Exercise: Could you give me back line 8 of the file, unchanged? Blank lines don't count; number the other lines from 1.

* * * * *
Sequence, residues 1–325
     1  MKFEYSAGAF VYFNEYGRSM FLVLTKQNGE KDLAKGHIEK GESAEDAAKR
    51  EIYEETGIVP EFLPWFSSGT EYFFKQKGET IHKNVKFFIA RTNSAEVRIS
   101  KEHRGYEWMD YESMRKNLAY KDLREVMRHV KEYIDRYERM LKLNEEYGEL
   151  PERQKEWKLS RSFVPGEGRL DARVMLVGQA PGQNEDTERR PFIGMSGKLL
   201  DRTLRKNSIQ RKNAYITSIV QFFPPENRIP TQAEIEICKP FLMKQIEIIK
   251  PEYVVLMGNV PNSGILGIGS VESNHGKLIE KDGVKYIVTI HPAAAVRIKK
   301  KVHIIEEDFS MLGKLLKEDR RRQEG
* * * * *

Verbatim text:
   301  KVHIIEEDFS MLGKLLKEDR RRQEG